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Boston College student’s coerced suicide prompts push for ‘Conrad’s Law’

Telegram & Gazette - 11/13/2019

BOSTONMassachusetts remains one of only eight states that does not explicitly criminalize coercion of suicide, despite multiple cases over the last five years in which people were pressured into suicide by their significant others.

In wake of the most recent case – the coerced suicide of Boston College student Alexander Urtula by his girlfriend, Inyoung You, in May – some lawmakers are pushing to fast-track a bill that would designate a new criminal charge for these specific circumstances.

The bill, dubbed "Conrad's Law," was named for Conrad Roy III, a teenager who died by suicide in 2014 under the encouragement of his girlfriend Michelle Carter. Carter was convicted of involuntary manslaughter in a high-profile 2017 case and began serving her 15-month prison sentence earlier this year.

Roy's mother, Lynn, joined bill sponsors Sen. Barry Finegold, D-Andover, and Rep. Natalie Higgins, D-Leominster, at the Statehouse Tuesday to urge immediate action in light of her son's and Urtula's suicides.

"I always thought, after everything came up in this case with Michelle and Conrad, that there's definitely other women like her in the world and certainly other young men just like my son," she said after testifying before the Legislature's Judiciary Committee. "I do not want another mother to ever feel the way I do."

"Conrad's Law" would classify coerced suicide as a separate crime with a maximum sentence of five years, rather than the potential 20-year sentence Carter and You faced for involuntary manslaughter. The bill is narrowly tailored to criminalize only the intentional encouragement of suicide when a defendant is aware of the victim's suicidal tendencies.

Though the bill also prohibits providing someone with the "physical means" to commit suicide, it includes an exemption for physicians who administer lawful medical treatments.

Finegold said he hopes the bill will send teenagers a clear message that this behavior is not only unacceptable, but criminal.

"As a father of teenagers, I share many other parents' concerns," Finegold said. "I see on a daily basis how influential young people are to one another."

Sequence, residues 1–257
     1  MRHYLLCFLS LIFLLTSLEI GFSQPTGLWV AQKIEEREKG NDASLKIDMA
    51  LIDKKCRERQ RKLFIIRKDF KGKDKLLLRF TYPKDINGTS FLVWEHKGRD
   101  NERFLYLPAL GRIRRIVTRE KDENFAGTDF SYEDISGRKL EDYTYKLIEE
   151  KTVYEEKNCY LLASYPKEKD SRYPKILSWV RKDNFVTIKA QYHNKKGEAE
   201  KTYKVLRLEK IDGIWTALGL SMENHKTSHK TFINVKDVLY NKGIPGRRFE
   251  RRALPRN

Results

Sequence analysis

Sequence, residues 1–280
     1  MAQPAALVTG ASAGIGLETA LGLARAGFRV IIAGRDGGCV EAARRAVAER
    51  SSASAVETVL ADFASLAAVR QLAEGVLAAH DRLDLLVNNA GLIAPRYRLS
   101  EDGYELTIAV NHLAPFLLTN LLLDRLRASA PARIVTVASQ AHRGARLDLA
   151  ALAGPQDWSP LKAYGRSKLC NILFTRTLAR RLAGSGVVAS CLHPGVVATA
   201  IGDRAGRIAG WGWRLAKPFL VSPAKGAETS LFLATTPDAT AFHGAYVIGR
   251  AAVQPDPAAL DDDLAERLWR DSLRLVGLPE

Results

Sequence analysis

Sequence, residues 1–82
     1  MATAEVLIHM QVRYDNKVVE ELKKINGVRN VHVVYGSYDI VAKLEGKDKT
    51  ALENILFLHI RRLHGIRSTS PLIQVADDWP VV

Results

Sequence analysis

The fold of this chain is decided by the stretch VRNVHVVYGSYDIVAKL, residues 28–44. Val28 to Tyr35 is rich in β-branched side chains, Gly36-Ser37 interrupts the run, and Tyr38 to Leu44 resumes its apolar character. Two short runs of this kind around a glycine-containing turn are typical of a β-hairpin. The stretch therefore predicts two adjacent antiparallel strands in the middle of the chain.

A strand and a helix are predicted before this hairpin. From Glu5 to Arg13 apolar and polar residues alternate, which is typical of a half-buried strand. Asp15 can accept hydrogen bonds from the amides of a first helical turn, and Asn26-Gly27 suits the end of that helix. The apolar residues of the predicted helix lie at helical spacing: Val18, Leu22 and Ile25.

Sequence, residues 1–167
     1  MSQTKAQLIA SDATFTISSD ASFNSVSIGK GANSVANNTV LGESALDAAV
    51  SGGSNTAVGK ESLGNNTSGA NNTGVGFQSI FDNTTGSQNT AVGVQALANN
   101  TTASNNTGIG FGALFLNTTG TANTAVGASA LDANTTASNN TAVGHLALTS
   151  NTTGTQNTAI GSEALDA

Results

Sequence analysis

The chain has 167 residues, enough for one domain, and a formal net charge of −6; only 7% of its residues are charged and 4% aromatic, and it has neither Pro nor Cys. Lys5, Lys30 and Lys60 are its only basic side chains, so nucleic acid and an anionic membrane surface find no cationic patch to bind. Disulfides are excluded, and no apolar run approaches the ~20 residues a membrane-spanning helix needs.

The senator said he thinks Urtula's coerced suicide alerted fellow lawmakers to the urgency of the matter.

"We are facing an epidemic of teen suicide," Finegold said. "When you look at our teenagers, drunk driving among our teenagers is way down. Pregnancy among our teenager is way down. Teen suicide, way up."

While critics of the Carter case and opponents of "Conrad's Law" have argued that criminalizing any form of speech violates the First Amendment, Northeastern University law professor Daniel Medwed said he thinks there is enough leeway in the Constitution to pass such a bill.

"The First Amendment isn't an all-encompassing blanket," Medwed explained. "It's a patchwork quilt. And if you weaponize words, if you use words intentionally in order to cause someone to commit suicide, then perhaps that should be a criminal act."

When Medwed first heard about Carter's involuntary manslaughter charge, he said, he was concerned about prosecutorial overreach. Though the defense attorney seldom advocates for an increase to the criminal code, he said a more specific charge with a shorter maximum sentence would have better suited the crime.

"Using the hammer of manslaughter, a homicide charge with a potential sentence of 20 years, to address this type of situation struck me as problematic," he said.

Higgins, who studied law under Medwed at Northeastern, said she intends for the bill to remove some of the stigma surrounding mental illness and encourage teenagers to seek professional help.

"Someone who's going to coerce a peer, a friend, a significant other into suicide probably has their own mental health needs themselves," she said, noting that this legislation is only the first step in reducing the state's youth suicide rate.other of suicide victim Conrad Roy III, speaks alongside Rep. Natalie Higgins and Sen. Barry Finegold at the Statehouse Tuesday in support of a bill that would criminalize coerced suicide in Massachusetts. (Photo by Hannah Schoenbaum)

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